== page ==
EMP Rocks Visitors With Energy Efficient Lighting, Rolls Back Energy Bills

Experience Music Project Museum (EMP) is rockin’ visitors harder than ever while rollin’ back its energy bills thanks to a lighting upgrade supported by Seattle City Light energy efficiency incentives.

 

Photo of the guitar gallery at EMP.

Experience Music Project Museum EMP swapped out 1,500 incandescent lights for energy efficient LEDs.

Experience Music Project Museum (EMP) is rockin’ visitors harder than ever while rollin’ back its energy bills thanks to a lighting upgrade supported by Seattle City Light energy efficiency incentives.

EMP swapped out 1,500 incandescent lights in its 140,000 square foot building, using energy efficient LEDs. The retrofit will cut the non-profit museum’s energy consumption by about 520,000 kilowatt-hours each year, a savings of more than $100,000. Just as important, visitors love the look.

“Response to the changes in architectural lighting has been very upbeat, with descriptions such as beautiful, profound and amazing used often,” said EMP Assistant Director of Facilities and Engineering Lee Richardson. “The results, which I always knew we would achieve, are spectacular, and considered by me a map for all museums to follow.”

 

Photo of the Nirvana gallery at EMP.

New, efficient lighting at EMP will cut the non-profit museum’s energy consumption by about 520,000 kilowatt-hours each year, a savings of more than $100,000.

Seattle City Light provided $121,000 in incentives to help with the project. Savings from the reduction in energy use will cover EMP’s costs for the upgrade in about 7 years.

“From the musical sagas that are chronicled inside to Mr. Gehry’s mind-blowing architecture, the EMP embodies innovation and creativity, and City Light is proud to partner with them in promoting cutting-edge technologies,” said Glenn Atwood, the City Light conservation director. “Together we’re delivering on the promise of energy efficiency.”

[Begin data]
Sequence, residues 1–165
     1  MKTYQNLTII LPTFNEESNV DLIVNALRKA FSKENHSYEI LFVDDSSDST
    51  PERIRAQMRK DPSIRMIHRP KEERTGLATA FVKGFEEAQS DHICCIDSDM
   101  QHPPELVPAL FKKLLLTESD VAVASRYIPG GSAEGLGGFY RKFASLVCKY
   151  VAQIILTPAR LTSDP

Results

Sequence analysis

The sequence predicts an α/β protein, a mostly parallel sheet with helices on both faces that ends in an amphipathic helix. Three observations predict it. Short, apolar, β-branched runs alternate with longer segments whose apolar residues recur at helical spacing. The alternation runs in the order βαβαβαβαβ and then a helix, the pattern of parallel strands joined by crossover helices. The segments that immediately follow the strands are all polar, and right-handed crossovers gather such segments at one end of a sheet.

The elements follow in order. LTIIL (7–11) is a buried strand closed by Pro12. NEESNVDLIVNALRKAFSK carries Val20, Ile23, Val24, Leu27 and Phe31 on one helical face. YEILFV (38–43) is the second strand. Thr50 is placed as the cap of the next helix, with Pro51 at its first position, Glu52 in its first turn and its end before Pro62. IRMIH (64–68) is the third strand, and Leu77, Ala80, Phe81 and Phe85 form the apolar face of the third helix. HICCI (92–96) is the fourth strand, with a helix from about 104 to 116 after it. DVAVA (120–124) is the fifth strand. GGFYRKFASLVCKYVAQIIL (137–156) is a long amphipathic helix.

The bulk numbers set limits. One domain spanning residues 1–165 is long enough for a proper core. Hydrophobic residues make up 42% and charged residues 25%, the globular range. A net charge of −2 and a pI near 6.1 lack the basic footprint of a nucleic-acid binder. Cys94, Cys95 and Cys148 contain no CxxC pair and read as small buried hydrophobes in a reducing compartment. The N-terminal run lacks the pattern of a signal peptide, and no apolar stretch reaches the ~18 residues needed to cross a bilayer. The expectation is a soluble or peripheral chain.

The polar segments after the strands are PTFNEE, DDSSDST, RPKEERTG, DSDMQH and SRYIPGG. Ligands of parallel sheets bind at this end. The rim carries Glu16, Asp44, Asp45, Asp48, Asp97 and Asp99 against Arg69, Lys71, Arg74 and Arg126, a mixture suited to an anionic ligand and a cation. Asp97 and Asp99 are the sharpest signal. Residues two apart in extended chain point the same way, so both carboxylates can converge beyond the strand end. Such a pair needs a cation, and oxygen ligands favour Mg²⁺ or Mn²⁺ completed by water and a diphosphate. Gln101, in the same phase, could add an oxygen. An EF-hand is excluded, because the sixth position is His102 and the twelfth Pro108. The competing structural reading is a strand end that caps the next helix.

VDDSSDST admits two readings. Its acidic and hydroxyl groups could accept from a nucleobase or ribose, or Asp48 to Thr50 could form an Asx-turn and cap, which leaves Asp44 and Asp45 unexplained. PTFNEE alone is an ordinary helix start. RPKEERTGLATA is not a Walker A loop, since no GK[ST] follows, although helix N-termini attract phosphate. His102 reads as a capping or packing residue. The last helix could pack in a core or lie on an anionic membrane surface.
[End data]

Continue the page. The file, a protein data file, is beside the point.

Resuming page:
LED lights last nearly 25 times longer than regular halogen and incandescent lamps. The bulbs used in this project use up to 85 percent less energy than incandescent and halogen lamps. The installation of dimmable LED lighting in EMP’s galleries reduced 75 percent of the museum’s total electricity consumption.

 

Photo of the Jimi Hendrix gallery at EMP.

Seattle City Light provided $121,000 in incentives to help with the project. Energy savings will cover EMP’s costs in about 7 years.

Energy conservation is Seattle City Light’s first resource of choice for meeting the growing electricity needs of its customers. The utility offers a variety of energy efficient renovation packages for small, commercial and industrial businesses to help them save money each year. There are also packages for residential customers to upgrade their homes to energy efficiency. To find out how you can save money for your business or home, contact an Energy Advisor at (206) 684-3800 or email questions to SCLEnergyAdvisor@seattle.gov.

Seattle City Light is the 10th largest public electric utility in the United States. It has some of the lowest cost customer rates of any urban utility, providing reliable, renewable and environmentally responsible power to nearly 1 million Seattle area residents. City Light has been greenhouse gas neutral since 2005, the first electric utility in the nation to achieve that distinction.